HCA’s bid to build new Hanover hospital rejected by the state

hca hanover hospital rendering

A rendering of the hospital that HCA proposed to build on a site near Ashland in Hanover County. (BizSense file)

HCA Healthcare’s effort to build its first hospital in Hanover County has been derailed by the state health department.

State Health Commissioner Karen Shelton last week denied HCA’s application that sought regulatory approval of a proposed 60-bed, $233.6 million acute-care hospital on Sliding Hill Road off of I-95.

Shelton determined the proposed facility was unnecessary to serve medical need in the region, too expensive, and stood to have a negative effect on the operations of other providers in the area, according to her Sept. 29 rejection letter to HCA.

HCA could appeal the decision in court. A health system spokeswoman said HCA was still weighing its options.

“While we respect the Health Commissioner’s decision, we are disappointed in the outcome. As a leading provider of healthcare in central Virginia, HCA Virginia Henrico Doctors’ Hospitals are constantly evaluating gaps in access to care and developing approaches to better meet the needs of the community and our patients,” HCA spokeswoman Pryor Green said in an email Tuesday. “We are reviewing the decision and have not yet decided on next steps.”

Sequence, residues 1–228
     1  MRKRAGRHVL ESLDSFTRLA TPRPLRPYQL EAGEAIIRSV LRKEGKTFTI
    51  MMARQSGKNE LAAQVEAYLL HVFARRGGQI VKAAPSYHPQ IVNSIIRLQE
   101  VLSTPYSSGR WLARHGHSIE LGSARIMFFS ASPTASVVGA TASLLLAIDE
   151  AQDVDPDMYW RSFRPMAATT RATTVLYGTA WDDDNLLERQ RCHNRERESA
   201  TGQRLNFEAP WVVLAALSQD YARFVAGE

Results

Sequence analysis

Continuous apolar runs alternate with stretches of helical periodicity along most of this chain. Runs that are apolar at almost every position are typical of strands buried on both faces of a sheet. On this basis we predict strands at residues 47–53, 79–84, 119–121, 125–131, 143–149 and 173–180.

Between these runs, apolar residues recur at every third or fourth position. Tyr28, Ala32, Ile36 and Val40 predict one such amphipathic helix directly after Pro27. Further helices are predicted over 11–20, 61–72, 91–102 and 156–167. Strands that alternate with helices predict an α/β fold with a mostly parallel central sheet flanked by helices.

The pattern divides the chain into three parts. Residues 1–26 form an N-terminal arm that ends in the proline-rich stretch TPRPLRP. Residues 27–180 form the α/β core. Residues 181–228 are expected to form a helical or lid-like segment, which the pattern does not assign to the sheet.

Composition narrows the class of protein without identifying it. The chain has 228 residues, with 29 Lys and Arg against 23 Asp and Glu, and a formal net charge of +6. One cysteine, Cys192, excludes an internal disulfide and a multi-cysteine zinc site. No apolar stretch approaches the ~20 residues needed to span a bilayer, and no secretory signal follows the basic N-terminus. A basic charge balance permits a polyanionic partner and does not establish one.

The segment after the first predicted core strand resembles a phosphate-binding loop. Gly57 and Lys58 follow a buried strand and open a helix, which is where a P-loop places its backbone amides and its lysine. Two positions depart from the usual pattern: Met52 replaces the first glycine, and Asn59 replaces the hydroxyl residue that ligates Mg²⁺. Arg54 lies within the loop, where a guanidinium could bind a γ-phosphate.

In Virginia, health care providers are required to seek the state’s approval to establish certain medical facilities such as hospitals. Prior to the health commissioner’s decision last week, the state health department’s staff as well as a VDH adjudication officer recommended HCA’s proposal be denied.

VDH adjudication officer Vanessa MacLeod wrote in a report dated Sept. 19 that the proposed hospital was not necessary to maintain or improve access to health care in the region.

“The applicant has not demonstrated lack of access to their patients’ preferred providers or to other providers in the service area,” MacLeod wrote.

HCA referred to the facility as Ashland Hospital and wanted to build it at 10054 Sliding Hill Road, which is outside Ashland. It would have operated as a campus of Henrico Doctors’ Hospital in Henrico.

MacLeod noted in her report that HCA planned to relocate 60 beds and a cardiac catheterization lab from Retreat Doctors’ Hospital in the Fan to outfit the Hanover hospital. She said that doing so would siphon resources from a poorer area to a more affluent area and “could negatively impact access to services for the indigent persons in the area.”

In her report, MacLeod wrote that while Retreat is licensed for 227 beds, the hospital has only 78 beds staffed.

“Relocating underutilized beds would perpetuate the (region’s) surplus without significant benefit to the area,” MacLeod wrote in her report.

Opposition for HCA’s plans also came from competitors Bon Secours and VCU Health, which both spoke against the Hanover hospital project during the COPN application process. Bon Secours already has a hospital in Hanover County, Memorial Regional Medical Center in Mechanicsville.

In addition to a potential appeal of the VDH decision, HCA does have a backup plan for the Sliding Hill Road property. It previously applied for permission for a free-standing emergency center with imaging capabilities at the same site. A final decision from the state on that proposal is expected in about a month, Green said.